In all, participants found it harder to identify the daily rhythms of their local news consumption than for national and international news. Some of the irregular sources of local news they identified:

  • parties at a friend’s house
  • Facebook groups
  • a church newspaper
  • a bulletin board in their apartment building
  • a flier at the library
  • staff at a local recycling facility
  • their kid’s kindergarten teacher
  • a local government website

Notice how many of those are associated with “third places” — a church, a library, a school. You’re probably not going to get the latest from Ukraine on a corkboard in an apartment building lobby, but it might be precisely the place to learn about a local political issue or an interesting speaker coming to town.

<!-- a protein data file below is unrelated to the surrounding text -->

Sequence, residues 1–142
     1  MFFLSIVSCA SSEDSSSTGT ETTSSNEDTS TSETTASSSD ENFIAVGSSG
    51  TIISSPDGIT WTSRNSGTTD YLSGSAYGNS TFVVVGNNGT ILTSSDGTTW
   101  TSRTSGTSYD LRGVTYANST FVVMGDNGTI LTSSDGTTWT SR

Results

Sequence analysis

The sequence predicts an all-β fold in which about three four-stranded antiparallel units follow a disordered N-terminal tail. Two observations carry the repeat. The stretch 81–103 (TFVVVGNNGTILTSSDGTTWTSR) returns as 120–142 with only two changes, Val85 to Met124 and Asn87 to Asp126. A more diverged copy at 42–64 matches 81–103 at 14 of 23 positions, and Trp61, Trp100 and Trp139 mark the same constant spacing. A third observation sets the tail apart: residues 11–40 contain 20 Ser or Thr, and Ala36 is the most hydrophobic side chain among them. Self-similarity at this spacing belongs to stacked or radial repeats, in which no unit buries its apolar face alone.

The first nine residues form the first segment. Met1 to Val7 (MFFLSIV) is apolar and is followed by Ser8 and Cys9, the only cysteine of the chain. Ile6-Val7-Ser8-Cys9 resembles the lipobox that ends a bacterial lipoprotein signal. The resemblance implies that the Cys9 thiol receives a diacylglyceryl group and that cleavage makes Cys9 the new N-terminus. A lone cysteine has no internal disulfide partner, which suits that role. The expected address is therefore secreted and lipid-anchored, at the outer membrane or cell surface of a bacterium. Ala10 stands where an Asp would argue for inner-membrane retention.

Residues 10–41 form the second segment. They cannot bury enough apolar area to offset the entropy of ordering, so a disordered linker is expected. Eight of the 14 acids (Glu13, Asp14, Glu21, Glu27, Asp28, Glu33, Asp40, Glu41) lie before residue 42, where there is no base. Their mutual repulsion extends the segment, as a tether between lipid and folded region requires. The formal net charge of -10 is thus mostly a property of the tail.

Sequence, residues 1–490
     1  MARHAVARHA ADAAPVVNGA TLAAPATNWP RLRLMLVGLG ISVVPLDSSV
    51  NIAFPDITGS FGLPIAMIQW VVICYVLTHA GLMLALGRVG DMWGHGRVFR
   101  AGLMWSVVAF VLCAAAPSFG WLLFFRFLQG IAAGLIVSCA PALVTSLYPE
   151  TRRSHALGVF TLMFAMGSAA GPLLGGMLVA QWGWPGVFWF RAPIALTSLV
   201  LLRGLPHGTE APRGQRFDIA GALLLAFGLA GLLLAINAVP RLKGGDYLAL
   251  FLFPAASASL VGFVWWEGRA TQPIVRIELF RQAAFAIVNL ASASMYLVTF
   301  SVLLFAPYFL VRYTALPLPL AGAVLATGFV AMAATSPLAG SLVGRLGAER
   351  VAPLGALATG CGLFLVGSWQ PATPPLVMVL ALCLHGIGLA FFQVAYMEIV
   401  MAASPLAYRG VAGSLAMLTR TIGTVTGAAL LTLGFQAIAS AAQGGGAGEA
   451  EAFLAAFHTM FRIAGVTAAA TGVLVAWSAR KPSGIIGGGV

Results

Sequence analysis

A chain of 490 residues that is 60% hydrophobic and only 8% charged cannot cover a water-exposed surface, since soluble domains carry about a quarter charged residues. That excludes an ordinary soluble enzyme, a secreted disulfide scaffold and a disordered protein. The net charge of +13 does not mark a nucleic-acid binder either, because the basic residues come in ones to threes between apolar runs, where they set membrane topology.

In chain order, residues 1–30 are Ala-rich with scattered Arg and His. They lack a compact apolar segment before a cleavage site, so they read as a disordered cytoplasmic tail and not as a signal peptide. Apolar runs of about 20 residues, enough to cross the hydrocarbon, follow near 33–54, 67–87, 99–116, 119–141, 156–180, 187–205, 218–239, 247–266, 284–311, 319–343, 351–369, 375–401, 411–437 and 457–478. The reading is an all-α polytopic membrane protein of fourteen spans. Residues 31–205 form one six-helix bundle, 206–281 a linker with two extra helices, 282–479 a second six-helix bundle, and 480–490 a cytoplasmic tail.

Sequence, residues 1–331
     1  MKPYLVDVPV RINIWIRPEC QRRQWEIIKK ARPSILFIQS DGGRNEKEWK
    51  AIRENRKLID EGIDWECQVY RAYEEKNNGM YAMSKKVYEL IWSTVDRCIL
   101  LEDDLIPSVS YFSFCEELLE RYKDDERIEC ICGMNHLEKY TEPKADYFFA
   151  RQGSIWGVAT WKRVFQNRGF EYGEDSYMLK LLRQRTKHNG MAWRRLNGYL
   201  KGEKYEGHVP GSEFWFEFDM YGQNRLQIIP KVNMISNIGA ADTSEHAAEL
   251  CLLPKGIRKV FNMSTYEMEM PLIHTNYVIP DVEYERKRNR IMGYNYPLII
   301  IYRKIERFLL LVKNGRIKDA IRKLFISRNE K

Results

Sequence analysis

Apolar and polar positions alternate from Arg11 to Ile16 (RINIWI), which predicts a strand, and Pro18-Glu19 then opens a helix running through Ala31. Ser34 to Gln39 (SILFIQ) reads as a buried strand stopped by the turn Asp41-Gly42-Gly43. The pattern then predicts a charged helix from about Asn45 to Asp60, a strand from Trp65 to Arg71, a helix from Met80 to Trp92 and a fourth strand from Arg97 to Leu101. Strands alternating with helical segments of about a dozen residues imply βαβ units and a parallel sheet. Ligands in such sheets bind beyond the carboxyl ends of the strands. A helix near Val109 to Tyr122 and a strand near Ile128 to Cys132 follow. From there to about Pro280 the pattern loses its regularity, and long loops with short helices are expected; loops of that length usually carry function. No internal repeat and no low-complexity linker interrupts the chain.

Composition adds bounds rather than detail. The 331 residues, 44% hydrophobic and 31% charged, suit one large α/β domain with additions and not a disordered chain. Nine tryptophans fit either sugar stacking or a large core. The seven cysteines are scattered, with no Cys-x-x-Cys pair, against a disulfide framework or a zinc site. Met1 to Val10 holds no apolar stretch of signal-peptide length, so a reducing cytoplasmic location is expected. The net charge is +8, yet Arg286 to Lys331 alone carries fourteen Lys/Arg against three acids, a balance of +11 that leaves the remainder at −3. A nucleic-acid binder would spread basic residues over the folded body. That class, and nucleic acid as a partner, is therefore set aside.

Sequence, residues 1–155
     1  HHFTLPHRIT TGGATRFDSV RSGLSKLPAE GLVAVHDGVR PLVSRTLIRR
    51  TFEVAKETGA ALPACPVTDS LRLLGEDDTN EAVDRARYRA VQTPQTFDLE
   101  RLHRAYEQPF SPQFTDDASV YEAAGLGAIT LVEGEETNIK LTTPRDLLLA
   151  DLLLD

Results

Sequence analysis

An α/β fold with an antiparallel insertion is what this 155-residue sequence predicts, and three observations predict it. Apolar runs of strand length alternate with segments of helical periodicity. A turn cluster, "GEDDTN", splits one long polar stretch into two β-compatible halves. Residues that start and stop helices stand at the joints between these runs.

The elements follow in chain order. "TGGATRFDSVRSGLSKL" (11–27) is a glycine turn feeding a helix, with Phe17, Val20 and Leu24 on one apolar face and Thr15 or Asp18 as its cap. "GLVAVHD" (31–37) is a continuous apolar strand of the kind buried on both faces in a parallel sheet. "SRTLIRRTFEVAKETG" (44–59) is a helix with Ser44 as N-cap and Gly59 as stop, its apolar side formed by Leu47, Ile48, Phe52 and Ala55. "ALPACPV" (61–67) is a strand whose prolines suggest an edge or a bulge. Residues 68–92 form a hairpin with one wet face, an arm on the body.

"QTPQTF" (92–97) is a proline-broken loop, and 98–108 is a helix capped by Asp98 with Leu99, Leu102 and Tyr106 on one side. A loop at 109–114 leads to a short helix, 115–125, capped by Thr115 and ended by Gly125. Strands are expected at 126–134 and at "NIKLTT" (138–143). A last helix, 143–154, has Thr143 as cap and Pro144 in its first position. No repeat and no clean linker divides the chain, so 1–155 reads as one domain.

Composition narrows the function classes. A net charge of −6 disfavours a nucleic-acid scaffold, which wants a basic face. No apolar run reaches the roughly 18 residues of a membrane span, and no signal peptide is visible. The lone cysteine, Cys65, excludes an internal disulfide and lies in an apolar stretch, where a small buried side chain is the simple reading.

Örnebring and Hellekant Rowe describe local Facebook groups as a sort of virtual third place, sharing a common space but without the physical presence of a common place. Of particular note were local “crime-watch” Facebook groups:

Crime watch Facebook groups were an essential part of the daily media rhythm for some participants; one participant had subscribed to continuous notifications from the local crime watch group, with a particular interest in the part of the neighbourhood closest to him (i.e., wanting to be notified if there were any crimes reported in his particular street).